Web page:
Update on IRS Enforcement Efforts

We frequently post about the Internal Revenue Service’s (IRS) tax enforcement trends and announcements. Prior examples from this year include the release of a five-year strategic plan emphasizing enforcement, the plan to hire up to 200 additional attorneys to assist with litigation efforts, the implementation of the Large Partnership Compliance (LPC) Pilot Program, a focus on tax compliance of non-US citizens and residents, and the creation of a new Joint Strategic Emerging Issues Team to identify emerging “abusive transactions.” Over the past several weeks, the IRS has provided additional updates on its enforcement efforts and future plans, including the following:

  • The IRS is considering raising the economic substance doctrine more frequently in transfer pricing examinations—even those where taxpayers have transfer pricing documentation—and asserting penalties more often in transfer pricing cases. This follows the announcement last April that executive approval is no longer needed before asserting the codified economic substance doctrine under Internal Revenue Code Section 7701(o).
  • The IRS plans to grow the LPC program and envisions it functioning similar to corporate examinations conducted by the Large Business & International Division.
  • The IRS’s Criminal Investigation (CI) Division is highly focused on criminal digital asset cases and intends to make many of these cases public. This follows the recent release of the CI Division’s annual report.
  • The IRS intends to expend more resources on examinations of high-income/high-net-worth taxpayers.
  • The IRS has proposed to require the disclosure of more information regarding corporate taxpayers’ uncertain tax positions, including citations to contrary authorities, which, if finalized, will likely lead to more examinations and challenges to tax reporting positions.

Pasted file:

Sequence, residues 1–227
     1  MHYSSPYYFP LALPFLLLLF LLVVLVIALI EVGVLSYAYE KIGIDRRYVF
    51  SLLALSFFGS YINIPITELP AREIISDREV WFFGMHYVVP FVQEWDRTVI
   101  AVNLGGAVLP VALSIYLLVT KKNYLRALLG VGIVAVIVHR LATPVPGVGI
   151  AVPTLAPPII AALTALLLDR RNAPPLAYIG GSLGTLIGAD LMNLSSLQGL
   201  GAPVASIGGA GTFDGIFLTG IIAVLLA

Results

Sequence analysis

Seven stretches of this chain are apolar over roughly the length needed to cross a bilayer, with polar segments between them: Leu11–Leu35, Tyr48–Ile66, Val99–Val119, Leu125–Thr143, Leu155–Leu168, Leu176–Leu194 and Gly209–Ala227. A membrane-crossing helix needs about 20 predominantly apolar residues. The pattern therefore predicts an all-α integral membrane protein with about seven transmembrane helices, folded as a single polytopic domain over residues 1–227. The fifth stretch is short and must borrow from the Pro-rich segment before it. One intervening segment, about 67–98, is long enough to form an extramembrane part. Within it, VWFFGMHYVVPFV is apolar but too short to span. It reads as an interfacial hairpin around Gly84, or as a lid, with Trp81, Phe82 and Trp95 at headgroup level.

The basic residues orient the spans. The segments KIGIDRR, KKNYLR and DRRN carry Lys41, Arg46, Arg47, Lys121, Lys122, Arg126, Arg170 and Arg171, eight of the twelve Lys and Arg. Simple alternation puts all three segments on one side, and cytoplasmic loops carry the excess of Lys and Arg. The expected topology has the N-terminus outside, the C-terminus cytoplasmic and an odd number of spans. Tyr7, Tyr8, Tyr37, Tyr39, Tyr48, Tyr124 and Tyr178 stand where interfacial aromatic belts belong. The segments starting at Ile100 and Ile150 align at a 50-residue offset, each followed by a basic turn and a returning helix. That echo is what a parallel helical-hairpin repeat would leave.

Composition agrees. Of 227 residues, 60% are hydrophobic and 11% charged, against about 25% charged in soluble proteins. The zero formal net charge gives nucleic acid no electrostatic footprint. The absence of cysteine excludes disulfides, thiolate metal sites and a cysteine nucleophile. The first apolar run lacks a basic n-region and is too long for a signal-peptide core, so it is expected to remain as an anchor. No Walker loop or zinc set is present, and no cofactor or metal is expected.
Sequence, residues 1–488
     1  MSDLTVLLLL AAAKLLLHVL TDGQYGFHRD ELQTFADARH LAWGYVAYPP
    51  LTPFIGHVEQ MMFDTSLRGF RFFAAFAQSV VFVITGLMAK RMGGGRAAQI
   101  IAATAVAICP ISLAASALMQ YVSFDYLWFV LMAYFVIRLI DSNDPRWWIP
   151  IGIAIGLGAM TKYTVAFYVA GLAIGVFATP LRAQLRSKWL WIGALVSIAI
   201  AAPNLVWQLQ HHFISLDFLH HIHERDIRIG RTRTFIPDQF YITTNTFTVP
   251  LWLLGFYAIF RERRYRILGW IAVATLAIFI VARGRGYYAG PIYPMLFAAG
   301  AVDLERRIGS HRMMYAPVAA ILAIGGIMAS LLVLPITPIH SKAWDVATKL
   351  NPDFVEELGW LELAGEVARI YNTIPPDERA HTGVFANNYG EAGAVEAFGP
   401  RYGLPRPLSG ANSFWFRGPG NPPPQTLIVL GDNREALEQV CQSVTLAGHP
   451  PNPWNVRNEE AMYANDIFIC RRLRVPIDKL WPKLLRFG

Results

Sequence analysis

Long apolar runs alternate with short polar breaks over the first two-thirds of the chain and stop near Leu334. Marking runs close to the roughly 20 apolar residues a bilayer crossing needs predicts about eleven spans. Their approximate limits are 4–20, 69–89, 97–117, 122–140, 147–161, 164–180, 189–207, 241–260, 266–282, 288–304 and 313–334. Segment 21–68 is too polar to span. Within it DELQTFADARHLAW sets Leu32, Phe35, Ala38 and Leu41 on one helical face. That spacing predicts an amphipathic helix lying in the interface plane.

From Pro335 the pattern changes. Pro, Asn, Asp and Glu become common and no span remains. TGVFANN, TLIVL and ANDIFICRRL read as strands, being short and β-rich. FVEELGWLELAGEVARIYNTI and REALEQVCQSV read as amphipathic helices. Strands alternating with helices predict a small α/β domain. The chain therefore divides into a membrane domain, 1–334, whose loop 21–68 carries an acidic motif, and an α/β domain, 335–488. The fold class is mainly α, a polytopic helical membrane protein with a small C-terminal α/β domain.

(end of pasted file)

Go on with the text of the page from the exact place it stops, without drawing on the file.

Practice Point: Tax enforcement has been down over the past several years, including a slowdown in audit operations during the COVID-19 pandemic. With increased funding from the Inflation Reduction Act of 2022 and proposed restrictions on access to IRS Appeals for certain matters, we expect more examinations and tax disputes in the near future. Taxpayers and their advisors should prepare. Consider working with your tax controversy advisor to discuss your more vulnerable return positions to see how to better defend against the impending tax enforcement wave!




Update on Schedule UTP Comments

We previously discussed the Internal Revenue Service’s (IRS) announcement regarding draft changes to Schedule UTP, Uncertain Tax Position Return Statement, and Instructions to Schedule UTP (Form 1120). The IRS requested comments by November 18, 2022.

On November 14, 2022, we submitted our comments to the IRS outlining some of our concerns with the draft changes, focusing primarily on the scope of disclosure. We made the following recommendations:

  • Reconsider whether any changes should be made to Schedule UTP given the current rules in place regarding other disclosures (g., Forms 8275 and 8275-R) and the serious privilege concerns raised by the additional disclosure requirements.
  • Remove the requirement to disclose any positions that are “contrary” to any authorities or, at a minimum, to any Private Guidance.
  • If changes are made to Schedule UTP, work with taxpayers to determine the appropriate standard for determining whether there is “contrary” authority and what steps a taxpayer or return preparer must take before being able to satisfy the jurat requirement.
  • Issue published guidance clarifying that proper disclosure on Schedule UTP will satisfy the adequate disclosure requirement for purposes of both the disregard of rules and regulations and substantial understatement of tax grounds for imposing penalties under I.R.C. § 6662.
  • If changes are made to Schedule UTP, delay the effective date to the 2023 tax year (processing year 2024).

We will continue to track potential changes to Schedule UTP and Form 1120 and will provide updates as they are made known.




President Biden to Nominate New IRS Commissioner

On November 10, 2022, US President Joe Biden announced his intent to nominate Danny Werfel to serve as Commissioner of the Internal Revenue Service. US Secretary of the Treasury Janet Yellen has expressed her support for Werfel’s nomination. Charles Rettig, whose term expires on November 12, 2022, is the current IRS Commissioner and Doug O’Donnell has been selected to serve as acting IRS Commissioner until the position is formally filled.

The White House press release provides the following background on Werfel: